Canned sauces can be a major sugar mine. While some are better than others, the safest bet is to make your own. Here’s a really simple way to throw one together: Empty one 14-ounce can of whole, peeled San Marzano tomatoes into a bowl, add two generous pinches of sea salt, then crush by hand into a chunky pulp, suggests The Pizza Diet Chef Cozzolino. If you really prefer to use something pre-made, give our report The 40 Best and Worst Pasta Sauces a read before heading to the store.


Add Veggies

You can lower a pizza’s glycemic index—a measure of how quickly blood glucose levels rise in response to a certain food—by adding fiber- and protein-rich toppings. For example, while a simple cheese pizza scores an 80 out of 100 on the index, a veggie supreme pie clocks in at 49. Raw veggies and lean meats make for the best toppers. This will help you feel fuller, longer, so you won’t crave seconds or thirds.


Beware of Eggplant

We know we just told you to add veggies to your pizza, but not all veggies are fair game. Eggplant, for example, is often breaded and fried before finding it’s way to your pie, which means it will do more harm than good. Ask how the veggies are prepared before having the kitchen toss them onto your pie.


Skip Cheese-Filled or Deep-Dish Crusts

There’s already cheese on top of the pie, so really there’s no need to have it stuffed inside the crust. Another unnecessary pizza twist: deep dish. More surface area always means more calories—and typically, no improvement on the flavor, so it’s really not worth it.


Get Slices— Not Pies

If portion control is your main issue, order slices, not a pie. If you have to ask someone for it, you’ll be less asp to nibble on something you’re not actually hungry for. For even more simple ways to eat less and lose weight, don’t miss these 18 Easy Ways to Control Your Portion Sizes.


Making a Pie? Replace White Flour With Coconut Flour

Are you all about making things from scratch? Rebecca Lewis, RD suggests swapping white flour for coconut flour. Not only does it have fewer carbs, it has 11 times as much fiber, she tells us. For tips on how to pull of a pie with the gluten-free flour, click here.


Or Go Totally Flourless

Despite what chains like Domino’s and Pizza Hut would lead you to believe, you don’t need blood-sugar-spiking refined flour—or any flour at all, really—to make a delicious pie. Everything from portobello caps to sweet potatoes can be turned into a crust. To learn how to pull off creative spins on your favorite indulgence, check out these 12 Flourless Ways to make Pizza.


Turn Up The Heat

Want to boost your metabolism and trick yourself into eating less? Who wouldn’t!? To make it happen, add some spice to your pie. A study by Canadian researchers found that men who ate spicy appetizers consumed 200 fewer calories than those that skipped out on the hurt-so-good burn. Top your pie with a few grinds of fresh black pepper, red chili flakes, or if you’re really brave—stingers—to reap the benefits.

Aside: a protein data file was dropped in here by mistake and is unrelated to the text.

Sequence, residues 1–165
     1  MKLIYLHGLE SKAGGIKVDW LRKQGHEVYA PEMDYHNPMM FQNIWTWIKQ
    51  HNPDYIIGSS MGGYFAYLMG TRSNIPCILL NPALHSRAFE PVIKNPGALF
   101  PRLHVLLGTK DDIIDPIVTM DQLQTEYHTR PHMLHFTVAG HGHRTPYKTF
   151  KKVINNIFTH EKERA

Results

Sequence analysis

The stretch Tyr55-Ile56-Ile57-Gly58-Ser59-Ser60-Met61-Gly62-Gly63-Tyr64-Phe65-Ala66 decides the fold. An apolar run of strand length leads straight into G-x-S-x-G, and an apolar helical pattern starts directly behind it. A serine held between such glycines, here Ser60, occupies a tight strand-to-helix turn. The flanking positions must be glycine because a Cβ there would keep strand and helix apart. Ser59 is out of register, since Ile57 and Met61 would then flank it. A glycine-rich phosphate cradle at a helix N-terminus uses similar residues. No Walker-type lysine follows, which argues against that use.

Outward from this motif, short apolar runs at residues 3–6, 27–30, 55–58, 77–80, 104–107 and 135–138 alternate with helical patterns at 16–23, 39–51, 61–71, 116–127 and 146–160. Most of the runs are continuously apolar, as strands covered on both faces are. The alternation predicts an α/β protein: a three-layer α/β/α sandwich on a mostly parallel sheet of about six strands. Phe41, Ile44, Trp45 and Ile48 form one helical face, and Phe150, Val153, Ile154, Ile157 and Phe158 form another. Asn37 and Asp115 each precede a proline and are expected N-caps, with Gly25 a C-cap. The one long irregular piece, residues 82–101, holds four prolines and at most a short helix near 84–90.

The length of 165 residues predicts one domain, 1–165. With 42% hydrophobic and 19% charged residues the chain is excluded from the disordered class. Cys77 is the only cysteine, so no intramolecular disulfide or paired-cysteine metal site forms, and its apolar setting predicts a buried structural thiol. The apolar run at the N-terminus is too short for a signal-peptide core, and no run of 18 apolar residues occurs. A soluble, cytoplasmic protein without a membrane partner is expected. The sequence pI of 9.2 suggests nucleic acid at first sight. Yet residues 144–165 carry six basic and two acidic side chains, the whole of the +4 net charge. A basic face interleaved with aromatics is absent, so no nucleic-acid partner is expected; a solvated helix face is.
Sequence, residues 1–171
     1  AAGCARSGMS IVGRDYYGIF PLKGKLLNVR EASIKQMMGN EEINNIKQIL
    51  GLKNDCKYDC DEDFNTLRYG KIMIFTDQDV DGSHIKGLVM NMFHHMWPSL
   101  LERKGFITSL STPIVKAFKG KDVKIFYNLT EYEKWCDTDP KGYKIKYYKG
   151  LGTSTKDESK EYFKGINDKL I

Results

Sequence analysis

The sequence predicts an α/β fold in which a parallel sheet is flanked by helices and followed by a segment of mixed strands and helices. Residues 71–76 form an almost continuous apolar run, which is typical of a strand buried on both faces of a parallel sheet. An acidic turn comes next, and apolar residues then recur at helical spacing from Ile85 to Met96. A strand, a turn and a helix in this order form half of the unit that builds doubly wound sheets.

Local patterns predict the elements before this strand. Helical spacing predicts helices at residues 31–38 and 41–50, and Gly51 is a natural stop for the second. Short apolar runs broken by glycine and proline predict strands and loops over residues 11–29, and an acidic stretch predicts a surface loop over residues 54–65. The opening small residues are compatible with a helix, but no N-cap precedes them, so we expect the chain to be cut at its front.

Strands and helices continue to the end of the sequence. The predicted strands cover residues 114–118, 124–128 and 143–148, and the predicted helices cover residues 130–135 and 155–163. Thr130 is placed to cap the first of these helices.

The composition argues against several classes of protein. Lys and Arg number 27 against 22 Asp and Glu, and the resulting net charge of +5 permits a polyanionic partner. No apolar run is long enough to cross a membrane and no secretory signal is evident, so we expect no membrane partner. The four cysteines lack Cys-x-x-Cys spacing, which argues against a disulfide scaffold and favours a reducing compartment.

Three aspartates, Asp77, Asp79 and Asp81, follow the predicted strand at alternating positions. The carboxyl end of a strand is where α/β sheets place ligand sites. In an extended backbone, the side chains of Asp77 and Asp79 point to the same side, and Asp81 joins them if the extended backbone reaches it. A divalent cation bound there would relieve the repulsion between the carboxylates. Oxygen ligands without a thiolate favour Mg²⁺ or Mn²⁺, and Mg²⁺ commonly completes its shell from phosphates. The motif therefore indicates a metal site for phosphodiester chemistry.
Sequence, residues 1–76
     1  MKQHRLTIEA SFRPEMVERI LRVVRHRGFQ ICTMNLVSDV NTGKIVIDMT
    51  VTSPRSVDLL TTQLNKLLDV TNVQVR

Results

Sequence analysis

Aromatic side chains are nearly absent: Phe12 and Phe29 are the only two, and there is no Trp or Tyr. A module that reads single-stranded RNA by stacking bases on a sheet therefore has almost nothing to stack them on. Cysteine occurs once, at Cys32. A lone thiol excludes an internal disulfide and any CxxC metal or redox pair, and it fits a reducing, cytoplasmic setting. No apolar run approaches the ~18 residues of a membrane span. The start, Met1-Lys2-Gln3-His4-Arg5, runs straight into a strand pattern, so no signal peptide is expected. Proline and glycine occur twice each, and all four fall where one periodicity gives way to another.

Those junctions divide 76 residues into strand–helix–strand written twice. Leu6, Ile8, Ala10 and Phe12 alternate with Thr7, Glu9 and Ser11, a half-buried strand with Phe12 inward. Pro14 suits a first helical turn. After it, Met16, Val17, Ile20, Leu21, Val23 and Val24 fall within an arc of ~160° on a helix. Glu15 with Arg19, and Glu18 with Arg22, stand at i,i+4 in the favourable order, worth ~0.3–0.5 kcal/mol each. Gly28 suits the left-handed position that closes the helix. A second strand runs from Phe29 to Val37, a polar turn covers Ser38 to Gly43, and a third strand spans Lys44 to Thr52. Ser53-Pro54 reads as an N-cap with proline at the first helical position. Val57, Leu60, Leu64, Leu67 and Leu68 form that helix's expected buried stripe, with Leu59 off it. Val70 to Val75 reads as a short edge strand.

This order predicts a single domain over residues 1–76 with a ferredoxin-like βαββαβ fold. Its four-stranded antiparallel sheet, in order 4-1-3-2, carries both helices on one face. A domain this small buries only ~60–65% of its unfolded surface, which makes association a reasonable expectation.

Look For Whole Grains

If your favorite pizza joint offers slow-digesting whole grain crust, order it. If they offer whole grain thin crust, even better. Spring for that!


Cut the Cheese

Ordering your pizza with “half cheese” is an easy way to cut the saturated fat on a plain- or veggie-topped pie by 50 percent! Even if you decide to boost the cheese factor on your slimmed-down pie with an additional tablespoon of pungent parmesan (only 22 calories), you’ll still save mega calories.


See Red

The biggest health benefits from pizza come from lycopene-rich tomato sauce, which recent studies have found may help protect against the development of prostate cancer. White pizzas sacrifice the biggest health benefit of a traditional pie, so don’t make those your go-to.

Get the New Book!

Want to lose 10, 20, even 30 pounds—all without dieting?! Get your copy of Eat This, Not That: The Best (& Worst) Foods in America!, and learn how to indulge smarter and lose weight fast!

Study Proves Eating Pizza Could Help You Lose Weight

Good news! Eating pizza could actually help you make your goal weight—so get ready to have a nice hot one delivered in about 45 minutes. I know what I’m having for dinner tonight!

OK, OK, so it’s not like pizza has all of a sudden become better for you to eat than, say, a salad.

But a recent study did prove that those who allowed themselves a day of indulgence while dieting were more likely to stick to their diets long term.

How It Works:

According to Men’s Health, the study proved that after two weeks of dieting, the participants who had eaten whatever they wanted on Sundays were more motivated to keep up their diet plan throughout the week.

This proves that a little indulgence never hurt anybody. Plus, it gives you something to look forward to throughout the week, dropping pounds all the while.

The idea of designating a specific day for your favorite not-so-healthy foods is an important one.